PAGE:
The Government has created more than 3,600 new criminal offences since it won power 11 years ago – almost one for every day it has been in office.
Critics blamed the frenzy of law-making on "posturing" by an administration keen to win easy headlines and addicted to pushing complicated legislation through Parliament.
In the past two years alone, it has become a criminal offence to disturb a pack of eggs without permission and to sell either a game bird killed on a Sunday or a piece of Japanese knotweed.
A total of 3,605 offences have reached the statute book since May 1997, an average of about 320 a year. They comprise 1,238 brought in as primary legislation, which means they were debated in Parliament, and 2,367 by secondary legislation, such as orders in council and statutory instruments.
The tally will be announced today by Chris Huhne, the Liberal Democrat home affairs spokesman, as he sets out a fresh initiative to cut crime. Mr Huhne said: "In what conceivable way can the introduction of a new criminal offence every day help tackle crime when most crimes that people care about have been illegal for years.
"This legislative diarrhoea is not about making us safer, because it does not help enforce the laws that we have one jot. It is about the Government's posturing on punishments."
The Department for Environment, Food and Rural Affairs has been the most hyperactive branch of Whitehall, creating 852 new offences.
It is followed by the Department for Business, Enterprise and Regulatory Reform, and its predecessor the Department for Trade and Industry, which between them have created 678 offences.
The Home Office, which has presided over a succession of criminal justice Bills, is responsible for 455 offences.
Under Tony Blair, the Government got off to a relatively slow start, creating 160 new offences in 1998, his first full year in power. Five years later an astonishing 493 offences reached the statute book. The rate slowed to 288 last year and 148 so far in 2008.
Although many of the new offences are routine and uncontroversial, the public can still fall foul of a bizarre array of new crimes.
Creating a nuclear explosion was outlawed in 1998 and it is now illegal to sell grey squirrels and impersonate a traffic warden or barrister. A ship's captain could end up in court if he or she carries grain without a copy of the International Grain Code on board.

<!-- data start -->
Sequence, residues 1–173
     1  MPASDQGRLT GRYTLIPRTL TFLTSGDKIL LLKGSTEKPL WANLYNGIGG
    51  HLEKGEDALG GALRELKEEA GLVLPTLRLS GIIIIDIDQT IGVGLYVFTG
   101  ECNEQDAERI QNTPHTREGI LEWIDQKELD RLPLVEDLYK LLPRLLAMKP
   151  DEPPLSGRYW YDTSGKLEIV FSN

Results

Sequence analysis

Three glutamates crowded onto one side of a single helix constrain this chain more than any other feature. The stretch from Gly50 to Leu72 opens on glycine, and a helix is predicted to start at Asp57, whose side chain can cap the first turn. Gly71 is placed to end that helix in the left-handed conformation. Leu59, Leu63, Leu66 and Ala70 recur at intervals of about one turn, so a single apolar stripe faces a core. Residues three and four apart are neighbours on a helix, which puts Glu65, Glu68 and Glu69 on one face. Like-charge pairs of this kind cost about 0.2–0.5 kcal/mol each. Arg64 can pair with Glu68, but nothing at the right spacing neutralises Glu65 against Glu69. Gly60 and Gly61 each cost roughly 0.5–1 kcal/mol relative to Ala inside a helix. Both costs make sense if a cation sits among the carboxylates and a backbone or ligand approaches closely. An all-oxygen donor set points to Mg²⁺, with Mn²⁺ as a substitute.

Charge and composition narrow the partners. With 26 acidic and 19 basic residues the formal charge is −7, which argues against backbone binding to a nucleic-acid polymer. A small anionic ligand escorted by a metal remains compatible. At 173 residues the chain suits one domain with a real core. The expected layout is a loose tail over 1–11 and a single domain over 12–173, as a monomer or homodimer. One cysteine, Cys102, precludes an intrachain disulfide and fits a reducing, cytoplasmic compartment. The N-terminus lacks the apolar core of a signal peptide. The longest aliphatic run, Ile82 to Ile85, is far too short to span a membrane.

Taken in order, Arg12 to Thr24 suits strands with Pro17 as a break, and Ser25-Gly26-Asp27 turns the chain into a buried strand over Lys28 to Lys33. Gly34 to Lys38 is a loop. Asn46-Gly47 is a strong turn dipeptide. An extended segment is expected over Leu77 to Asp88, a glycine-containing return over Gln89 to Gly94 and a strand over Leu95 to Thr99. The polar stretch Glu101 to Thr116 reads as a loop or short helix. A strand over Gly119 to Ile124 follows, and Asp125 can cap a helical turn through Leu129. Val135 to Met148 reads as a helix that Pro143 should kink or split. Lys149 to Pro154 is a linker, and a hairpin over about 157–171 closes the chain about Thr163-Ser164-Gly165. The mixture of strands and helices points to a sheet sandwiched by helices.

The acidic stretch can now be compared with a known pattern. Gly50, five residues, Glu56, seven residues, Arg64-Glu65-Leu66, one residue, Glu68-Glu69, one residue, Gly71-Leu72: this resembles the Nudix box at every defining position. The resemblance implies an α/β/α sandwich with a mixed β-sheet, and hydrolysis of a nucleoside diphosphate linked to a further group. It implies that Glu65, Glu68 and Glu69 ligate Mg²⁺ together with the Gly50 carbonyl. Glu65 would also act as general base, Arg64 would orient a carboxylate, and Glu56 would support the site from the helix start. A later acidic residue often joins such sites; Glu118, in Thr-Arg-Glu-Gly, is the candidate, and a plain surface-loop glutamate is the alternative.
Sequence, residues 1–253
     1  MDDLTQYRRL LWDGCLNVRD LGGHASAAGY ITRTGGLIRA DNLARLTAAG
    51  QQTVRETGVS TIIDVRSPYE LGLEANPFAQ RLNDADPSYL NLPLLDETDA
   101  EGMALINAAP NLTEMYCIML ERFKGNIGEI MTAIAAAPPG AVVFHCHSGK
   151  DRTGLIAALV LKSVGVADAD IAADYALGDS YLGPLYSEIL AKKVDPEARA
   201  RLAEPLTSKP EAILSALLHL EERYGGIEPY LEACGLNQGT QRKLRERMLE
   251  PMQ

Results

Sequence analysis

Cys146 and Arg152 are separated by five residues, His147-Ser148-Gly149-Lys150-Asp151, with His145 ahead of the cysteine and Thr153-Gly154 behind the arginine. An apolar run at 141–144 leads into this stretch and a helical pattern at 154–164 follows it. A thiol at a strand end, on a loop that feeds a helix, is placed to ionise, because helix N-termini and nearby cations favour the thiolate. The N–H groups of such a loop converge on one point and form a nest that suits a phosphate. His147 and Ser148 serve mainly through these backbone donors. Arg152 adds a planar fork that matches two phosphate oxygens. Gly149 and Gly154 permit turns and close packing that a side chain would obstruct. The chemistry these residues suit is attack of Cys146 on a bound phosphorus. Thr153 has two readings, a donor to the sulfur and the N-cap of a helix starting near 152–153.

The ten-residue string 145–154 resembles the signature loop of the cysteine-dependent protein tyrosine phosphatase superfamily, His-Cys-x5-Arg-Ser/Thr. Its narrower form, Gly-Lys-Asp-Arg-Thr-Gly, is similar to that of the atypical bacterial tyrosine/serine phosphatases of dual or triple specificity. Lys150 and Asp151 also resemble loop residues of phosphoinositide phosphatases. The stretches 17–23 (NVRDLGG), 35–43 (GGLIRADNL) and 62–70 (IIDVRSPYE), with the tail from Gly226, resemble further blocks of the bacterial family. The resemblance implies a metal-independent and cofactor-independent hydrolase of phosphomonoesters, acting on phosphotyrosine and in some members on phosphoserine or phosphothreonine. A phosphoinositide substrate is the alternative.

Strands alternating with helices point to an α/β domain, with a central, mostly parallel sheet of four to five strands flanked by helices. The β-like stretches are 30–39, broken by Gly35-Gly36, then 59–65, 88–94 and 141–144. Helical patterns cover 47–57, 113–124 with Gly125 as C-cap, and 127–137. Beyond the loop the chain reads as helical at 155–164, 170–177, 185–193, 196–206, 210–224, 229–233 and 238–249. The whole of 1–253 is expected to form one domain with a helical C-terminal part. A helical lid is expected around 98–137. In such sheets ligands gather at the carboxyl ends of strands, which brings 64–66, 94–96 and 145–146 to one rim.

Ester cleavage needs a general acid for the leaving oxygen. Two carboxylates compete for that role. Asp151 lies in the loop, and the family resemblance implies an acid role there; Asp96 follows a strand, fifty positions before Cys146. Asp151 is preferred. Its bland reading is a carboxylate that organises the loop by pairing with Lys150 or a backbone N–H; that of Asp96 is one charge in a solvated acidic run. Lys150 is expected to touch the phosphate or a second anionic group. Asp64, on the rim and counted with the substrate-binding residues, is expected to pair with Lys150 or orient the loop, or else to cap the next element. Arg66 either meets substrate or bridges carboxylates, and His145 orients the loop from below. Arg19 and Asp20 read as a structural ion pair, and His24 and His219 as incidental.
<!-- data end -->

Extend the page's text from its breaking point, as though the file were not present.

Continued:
The Government argues that many of the laws it inherited were archaic and needed updating. It says modern legislation is essential for tackling crime and antisocial behaviour effectively.
Offences created in the past five years
To wilfully pretend to be a barrister
A provision of the Legal Services Act 2007 aimed at modernising the legal profession and increasing competition between barristers.
Disturb a pack of eggs when instructed not to by an authorised officer
Part of a detailed set of regulations last year controlling the production and marketing of eggs and of farmyard poultry chicks.
Obstruct workers carrying out repairs to the Dockland Light Railway
The offence is created under legislation designed to boost capacity on the DLR in the run-up to the 2012 Olympics in London.
Offer for sale a game bird killed on a Sunday or Christmas Day
An updating in 2007 of a law that dates from 1831.
Attach an ear tag to an animal when it has previously been used to identify another animal
A regulation introduced last year to tighten up identification of cattle.
Land a catch at a harbour that includes unsorted fish without permission
Regulations two years ago controlling fish taken from seas around Britain.
Fail to use an approved "pelagic" system for weighing herring, mackerel and horse mackerel
This is the preferred weighing technique.
Sell types of flora and fauna not native to the UK, such as the grey squirrel, ruddy duck or Japanese knotweed
Banned under the Natural Environment and Rural Communities Act 2006.
Allow an unlicensed concert in a church hall or community centre
The 2003 Licensing Act introduced a maximum penalty of six months' prison for breaking the law.
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